Bank of America Corp. is backing away from a much-publicized decision to add annual fees to some existing accounts — though not abandoning it completely.
"There are no plans or no strategy next year for a rollout necessarily, it's just something we're continuing to look at," Andy Rowe, B of A's strategy executive for global card services, said in an interview Tuesday.
"The test has concluded. It was a one-time mailing to a very small set of customers that was sent out a month ago."
B of A made headlines in October when it informed what it called a very small percentage — 0.5% — of its cardholders that it was instituting an annual fee of $29 to $99 on their accounts.
The affected customers (or at least those who have not opted out and closed their accounts) will start paying the fees next year.
The decision led to something of a consumer backlash, even beyond the affected cardholder population.
"We've received more calls from customers on this topic who were not included in this test than on those who were in the test," Rowe said.
Bank of America was hardly alone in its efforts to add or revive card fees.
This summer, Citigroup Inc. also implemented annual fees on some accounts, and other issuers are experimenting with different ways to add fees to existing accounts in the wake of the new credit card law's restrictions on how issuers can vary their pricing.
Fifth Third Bancorp of Cincinnati, for example, has started adding "inactivity fees" to some accounts.
Despite the consumer backlash over B of A's annual fees, Rowe called the test valuable.
By adding annual fees to some accounts, he said, Bank of America hoped to see what type of customer would be willing to pay such a fee, and for what kind of products.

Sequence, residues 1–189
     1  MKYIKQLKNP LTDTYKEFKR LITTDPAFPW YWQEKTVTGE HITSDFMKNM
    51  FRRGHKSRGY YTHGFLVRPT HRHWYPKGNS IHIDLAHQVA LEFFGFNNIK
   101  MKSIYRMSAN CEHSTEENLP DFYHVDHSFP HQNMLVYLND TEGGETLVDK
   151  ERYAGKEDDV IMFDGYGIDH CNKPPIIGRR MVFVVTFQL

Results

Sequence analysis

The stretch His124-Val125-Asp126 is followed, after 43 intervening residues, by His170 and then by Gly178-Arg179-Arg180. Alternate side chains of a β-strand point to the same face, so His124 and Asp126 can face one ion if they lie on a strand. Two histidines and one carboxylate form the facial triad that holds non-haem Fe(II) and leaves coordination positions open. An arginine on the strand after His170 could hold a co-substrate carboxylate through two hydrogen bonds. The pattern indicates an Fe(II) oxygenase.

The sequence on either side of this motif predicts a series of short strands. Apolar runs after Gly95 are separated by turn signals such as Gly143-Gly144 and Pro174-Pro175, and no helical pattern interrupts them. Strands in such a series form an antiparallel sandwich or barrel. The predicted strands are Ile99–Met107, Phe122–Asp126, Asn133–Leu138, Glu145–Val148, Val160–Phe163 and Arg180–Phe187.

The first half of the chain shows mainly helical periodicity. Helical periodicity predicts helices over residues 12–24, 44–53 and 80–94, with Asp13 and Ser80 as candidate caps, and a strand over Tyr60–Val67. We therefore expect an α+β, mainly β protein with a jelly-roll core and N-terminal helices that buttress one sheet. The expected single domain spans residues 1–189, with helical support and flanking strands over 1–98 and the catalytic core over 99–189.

The $2.25 trillion-asset Charlotte company applied the fee to "a variety of customers who had different value propositions with us," to see "what were they willing to pay for," he said. "Were they willing to pay an annual fee to keep that, or change to a nonfee product? … That fair-value exchange, that's what we're trying to figure out from the test."
Though most issuers have raised consumer ire by increasing pricing and adding fees ahead of the law's restrictions, B of A has also tried to court consumers with "simple" and "clear" products.
In October, it introduced the BankAmericard Basic Visa, which comes with one variable interest rate for all cardholders and all types of transactions, one flat late-payment fee of $39 and a single page of disclosures.
And on Monday, B of A said it would send 40 million cardholders its one-page "Clarity Commitment," which it calls a "clear and simple" summary of B of A credit card rates and fees. (B of A will send the statement to all U.S. holders of its branded cards, but not to customers of financial institutions for which it issues cards as an agent bank.)
"What customers really want to understand is, what are my rates, under what conditions could my rate change, tell me about my payment," Rowe said.
"This is the continued evolution of us trying to respond to our customers."
The one-page summary for cardholders follows a similar effort that B of A started offering its mortgage customers in April; that version of the clarity commitment offered a one-page summary of the estimated total costs of a home loan.
B of A also solicited outside feedback on its new card terms summary from organizations including the Center for Financial Services Innovation, the nonprofit affiliate of ShoreBank Corp. in Chicago.
Kimberly Gartner, the center's associate director, said by e-mail that the commitment "provides clear, simple information that is important to help credit-card holders understand key features and fees associated with their credit card product. It is a positive step by Bank of America and one important tool for helping its consumers effectively manage their financial lives."